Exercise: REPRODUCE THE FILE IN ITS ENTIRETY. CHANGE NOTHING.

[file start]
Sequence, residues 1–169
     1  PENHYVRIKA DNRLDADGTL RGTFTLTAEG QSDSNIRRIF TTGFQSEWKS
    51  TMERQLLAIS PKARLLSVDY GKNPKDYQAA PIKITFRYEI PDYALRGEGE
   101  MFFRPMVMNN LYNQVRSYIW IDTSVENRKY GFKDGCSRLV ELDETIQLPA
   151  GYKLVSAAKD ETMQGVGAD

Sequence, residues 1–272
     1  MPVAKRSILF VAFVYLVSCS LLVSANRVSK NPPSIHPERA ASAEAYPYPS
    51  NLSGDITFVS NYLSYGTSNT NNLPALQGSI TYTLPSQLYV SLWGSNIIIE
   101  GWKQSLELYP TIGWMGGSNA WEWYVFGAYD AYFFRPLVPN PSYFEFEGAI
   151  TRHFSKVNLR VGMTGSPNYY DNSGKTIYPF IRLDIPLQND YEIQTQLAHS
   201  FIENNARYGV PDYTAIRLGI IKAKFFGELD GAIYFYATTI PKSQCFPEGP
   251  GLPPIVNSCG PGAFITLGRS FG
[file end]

Sequence, residues 1–169
     1  PENHYVRIKA DNRLDADGTL RGTFTLTAEG QSDSNIRRIF TTGFQSEWKS
    51  TMERQLLAIS PKARLLSVDY GKNPKDYQAA PIKITFRYEI PDYALRGEGE
   101  MFFRPMVMNN LYNQVRSYIW IDTSVENRKY GFKDGCSRLV ELDETIQLPA
   151  GYKLVSAAKD ETMQGVGAD

Sequence, residues 1–272
     1  MPVAKRSILF VAFVYLVSCS LLVSANRVSK NPPSIHPERA ASAEAYPYPS
    51  NLSGDITFVS NYLSYGTSNT NNLPALQGSI TYTLPSQLYV SLWGSNIIIE
   101  GWKQSLELYP TIGWMGGSNA WEWYVFGAYD AYFFRPLVPN PSYFEFEGAI
   151  TRHFSKVNLR VGMTGSPNYY DNSGKTIYPF IRLDIPLQND YEIQTQLAHS
   201  FIENNARYGV PDYTAIRLGI IKAKFFGELD GAIYFYATTI PKSQCFPEGP
   251  GLPPIVNSCG PGAFITLGRS FG